- Donovan Bailey, retired Jamaican-Canadian sprinter, who once held the world record for the 100 metres.
We know that great sponsors make major change initiatives exciting and successful experiences. If we could bottle that “great sponsor” juice, what do you think we’d find in the bottle? Chances are we’d find the ingredients that are present in this month’s case, the Nuts for Cheese project.
In this post, we’ll follow the path one woman took to develop her knowledge and skills and launch and guide a company that, in just three years, is now offering its high quality products through small and large retailers across Canada.
In her early teens, Margaret Coons’ love for animals convinced her to adopt a vegan life style. That meant eliminating everything of animal origin from her daily life, including meat, milk, eggs, wool, leather, honey, etc. To her parents’ amazement, she proceeded to learn how to prepare plant-based foods that would complement what was available and prepared in the family kitchen and replace the meat and animal products that were consumed by the other members of the family.
Margaret continued her vegan lifestyle through her secondary and post-secondary school years, graduating with a degree in English Language and Literature from Western University in London, Ontario.
After graduation, she worked as a chef in a local vegan restaurant preparing plant-based foods. In the evenings, after work, she rented the restaurant’s kitchen to experiment and learn, developing her own recipes. They would often appear on the restaurant’s menu in subsequent days, giving Margaret valuable customer feedback on her creations.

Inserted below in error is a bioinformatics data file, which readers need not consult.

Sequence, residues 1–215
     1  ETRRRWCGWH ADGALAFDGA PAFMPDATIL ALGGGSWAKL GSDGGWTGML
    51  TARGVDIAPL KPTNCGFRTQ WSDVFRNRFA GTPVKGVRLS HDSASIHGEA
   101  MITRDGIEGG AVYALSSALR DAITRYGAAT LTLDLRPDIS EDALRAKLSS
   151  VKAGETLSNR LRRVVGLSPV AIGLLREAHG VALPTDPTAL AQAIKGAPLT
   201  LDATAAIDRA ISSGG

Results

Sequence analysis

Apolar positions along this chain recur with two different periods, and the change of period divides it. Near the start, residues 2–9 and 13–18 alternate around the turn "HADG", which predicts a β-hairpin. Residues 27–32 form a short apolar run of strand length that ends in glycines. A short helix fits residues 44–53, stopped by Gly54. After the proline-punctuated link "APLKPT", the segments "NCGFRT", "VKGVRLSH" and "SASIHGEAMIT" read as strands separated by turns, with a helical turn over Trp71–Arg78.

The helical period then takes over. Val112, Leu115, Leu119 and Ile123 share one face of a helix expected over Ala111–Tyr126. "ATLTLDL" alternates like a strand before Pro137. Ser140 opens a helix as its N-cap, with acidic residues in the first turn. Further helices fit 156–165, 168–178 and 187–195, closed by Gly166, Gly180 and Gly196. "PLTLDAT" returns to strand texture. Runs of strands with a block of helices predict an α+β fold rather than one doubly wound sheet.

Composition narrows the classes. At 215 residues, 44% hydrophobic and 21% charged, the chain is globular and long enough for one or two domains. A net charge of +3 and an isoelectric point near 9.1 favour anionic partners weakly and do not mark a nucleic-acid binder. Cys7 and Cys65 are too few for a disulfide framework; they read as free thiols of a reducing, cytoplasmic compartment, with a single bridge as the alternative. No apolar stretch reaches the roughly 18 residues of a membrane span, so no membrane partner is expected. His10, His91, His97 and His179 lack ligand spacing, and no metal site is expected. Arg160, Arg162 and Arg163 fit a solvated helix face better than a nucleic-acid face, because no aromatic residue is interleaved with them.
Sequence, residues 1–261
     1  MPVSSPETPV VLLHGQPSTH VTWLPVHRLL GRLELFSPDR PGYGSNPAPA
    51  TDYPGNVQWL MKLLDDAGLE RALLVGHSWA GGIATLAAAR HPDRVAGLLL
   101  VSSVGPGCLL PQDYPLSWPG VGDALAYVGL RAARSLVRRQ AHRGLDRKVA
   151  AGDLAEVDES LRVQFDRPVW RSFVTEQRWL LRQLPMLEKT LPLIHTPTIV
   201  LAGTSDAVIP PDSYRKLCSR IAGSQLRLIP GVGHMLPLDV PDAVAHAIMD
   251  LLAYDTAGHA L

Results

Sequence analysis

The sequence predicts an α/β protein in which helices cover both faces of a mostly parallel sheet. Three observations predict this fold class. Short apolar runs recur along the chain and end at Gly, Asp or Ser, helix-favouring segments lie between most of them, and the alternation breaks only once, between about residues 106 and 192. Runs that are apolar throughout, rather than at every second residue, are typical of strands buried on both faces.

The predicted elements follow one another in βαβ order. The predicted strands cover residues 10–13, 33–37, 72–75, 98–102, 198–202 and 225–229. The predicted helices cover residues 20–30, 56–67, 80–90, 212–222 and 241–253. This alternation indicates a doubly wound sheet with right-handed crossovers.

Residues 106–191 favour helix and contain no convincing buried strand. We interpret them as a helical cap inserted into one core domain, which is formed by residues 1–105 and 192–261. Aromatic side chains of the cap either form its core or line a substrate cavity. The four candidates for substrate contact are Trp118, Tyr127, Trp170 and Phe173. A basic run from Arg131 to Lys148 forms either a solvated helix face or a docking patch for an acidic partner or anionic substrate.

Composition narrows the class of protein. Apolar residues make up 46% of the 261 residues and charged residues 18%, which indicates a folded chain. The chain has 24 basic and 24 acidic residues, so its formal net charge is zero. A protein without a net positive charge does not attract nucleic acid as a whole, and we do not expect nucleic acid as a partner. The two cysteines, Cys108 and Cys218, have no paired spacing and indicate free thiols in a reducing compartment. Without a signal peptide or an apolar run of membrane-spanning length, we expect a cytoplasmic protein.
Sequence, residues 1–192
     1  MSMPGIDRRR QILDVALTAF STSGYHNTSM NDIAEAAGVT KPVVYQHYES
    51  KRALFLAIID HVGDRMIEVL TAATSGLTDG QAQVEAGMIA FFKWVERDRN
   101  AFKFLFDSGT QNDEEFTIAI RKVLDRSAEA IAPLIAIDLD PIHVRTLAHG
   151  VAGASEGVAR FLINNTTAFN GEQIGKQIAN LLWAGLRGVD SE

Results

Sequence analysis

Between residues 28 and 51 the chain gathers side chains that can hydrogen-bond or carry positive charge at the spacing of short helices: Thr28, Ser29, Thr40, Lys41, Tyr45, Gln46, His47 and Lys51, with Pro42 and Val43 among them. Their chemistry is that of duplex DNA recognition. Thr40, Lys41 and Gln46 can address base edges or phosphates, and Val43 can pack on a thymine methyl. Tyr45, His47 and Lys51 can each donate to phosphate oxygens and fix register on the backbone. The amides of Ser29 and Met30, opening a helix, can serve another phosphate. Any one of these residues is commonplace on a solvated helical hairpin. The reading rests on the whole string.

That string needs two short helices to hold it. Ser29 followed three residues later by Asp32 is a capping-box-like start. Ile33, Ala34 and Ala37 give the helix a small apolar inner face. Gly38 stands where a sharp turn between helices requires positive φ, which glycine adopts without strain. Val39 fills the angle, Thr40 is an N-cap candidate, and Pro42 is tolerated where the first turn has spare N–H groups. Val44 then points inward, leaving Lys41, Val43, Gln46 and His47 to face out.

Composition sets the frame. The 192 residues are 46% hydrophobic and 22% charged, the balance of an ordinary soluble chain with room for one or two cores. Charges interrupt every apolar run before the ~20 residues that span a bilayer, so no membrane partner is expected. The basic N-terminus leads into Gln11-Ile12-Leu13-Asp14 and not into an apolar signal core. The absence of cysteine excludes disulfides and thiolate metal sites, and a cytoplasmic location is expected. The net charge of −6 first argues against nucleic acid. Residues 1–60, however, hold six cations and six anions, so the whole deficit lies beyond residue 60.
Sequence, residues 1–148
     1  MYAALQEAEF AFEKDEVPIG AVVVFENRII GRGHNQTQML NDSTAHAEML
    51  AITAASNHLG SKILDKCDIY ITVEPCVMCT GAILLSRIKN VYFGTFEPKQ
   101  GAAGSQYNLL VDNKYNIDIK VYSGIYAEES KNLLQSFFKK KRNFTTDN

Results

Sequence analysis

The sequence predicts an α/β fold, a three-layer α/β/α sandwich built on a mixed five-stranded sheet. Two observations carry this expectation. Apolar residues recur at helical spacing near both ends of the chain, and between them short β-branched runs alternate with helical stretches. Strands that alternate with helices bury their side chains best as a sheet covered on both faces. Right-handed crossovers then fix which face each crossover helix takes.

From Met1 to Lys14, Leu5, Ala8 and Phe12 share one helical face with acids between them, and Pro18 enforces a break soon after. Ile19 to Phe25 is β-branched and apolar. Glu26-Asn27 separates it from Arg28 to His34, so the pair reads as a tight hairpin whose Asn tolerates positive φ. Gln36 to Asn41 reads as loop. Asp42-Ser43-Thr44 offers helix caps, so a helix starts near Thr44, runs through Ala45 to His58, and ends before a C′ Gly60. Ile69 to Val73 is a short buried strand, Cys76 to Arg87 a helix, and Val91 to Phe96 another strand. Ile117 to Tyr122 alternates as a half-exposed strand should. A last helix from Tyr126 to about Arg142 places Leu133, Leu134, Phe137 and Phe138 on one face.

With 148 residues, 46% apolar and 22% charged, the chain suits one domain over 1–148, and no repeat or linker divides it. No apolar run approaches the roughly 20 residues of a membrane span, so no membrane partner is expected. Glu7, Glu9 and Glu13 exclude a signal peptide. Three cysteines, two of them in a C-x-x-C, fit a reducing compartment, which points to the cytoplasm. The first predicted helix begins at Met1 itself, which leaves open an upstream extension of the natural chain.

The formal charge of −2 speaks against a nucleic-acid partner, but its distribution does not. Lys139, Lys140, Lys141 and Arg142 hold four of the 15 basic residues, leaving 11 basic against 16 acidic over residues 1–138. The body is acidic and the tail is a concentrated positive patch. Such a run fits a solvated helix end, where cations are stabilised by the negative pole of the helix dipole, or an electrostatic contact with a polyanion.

In addition to the night time experimentation, Margaret completed Rouxbe’s Plant-Based Professional Certification, appeared on London daytime television with creative vegan cooking demonstrations and offered cooking lessons and classes at local fairs. She also provided private catering and helped other culinary establishments create vegan recipes. All this while working as a chef at the vegan restaurant. But her love and her specialty was creating cashew cheeses. She started her business on a small scale, offering her products at local farmers’ markets and contributing her wares at a local vegan food bank.
In 2016, the local vegan restaurant closed its doors. Margaret had a decision to make, and she made it – to go full time and full bore with her own company, designing, making and selling cashew based cheeses. And so she launched the Nuts for Cheese project.
Margaret’s vison for Nuts for Cheese: To be the #1 selling, high quality, great tasting vegan cheese that people love.
Margaret’s initial challenge on hearing about the vegan restaurant’s closure was to find a new location and hire and train staff to help her get back up and running. She located and contracted for a small 1200 square foot space, hired four staff and was back producing her cashew based cheeses in short order, serving about 25 retailers and continuing to cover local farmers’ markets.
A year later the company landed Farm Boy as a client and moved to a larger production facility to serve the orders from a growing customer base. Two more moves were required in the following years as demand continued to grow. Nuts for Cheese now operates out of a newly acquired 11,000 square foot facility. The number of staff has also grown, currently standing at 23 and counting.
Margaret admits that she became an entrepreneur by accident. With little formal business training, she had to learn on the go. She has enjoyed the guidance of mentors along the way, including her current mentor who offers expertise on the grocery business, quality control and supply chain management. As the company is self-funded, she has had to master and aggressively manage cash flow, the supply chains, hiring and management of a growing workforce, putting an organization structure in place and, of course, the facilities to house her operations.
Margaret’s recipes for her cheeses are a reflection of the dedication and precision she brings to all aspects of the company’s operations. She starts with organic cashews which are soaked in filtered water for 24 hours to create the base cashew milk. The milk is then fermented for 24 to 36 hours using yeast cultures created in house. The fermented milk is then seasoned and aged to create the company’s unique offerings including Un-Brie-Lievable, Super Blue, Chipotle Chedder, Red Rind and Smokey Artichoke and Herb. The company also creates all its own seasonings using all organic sources.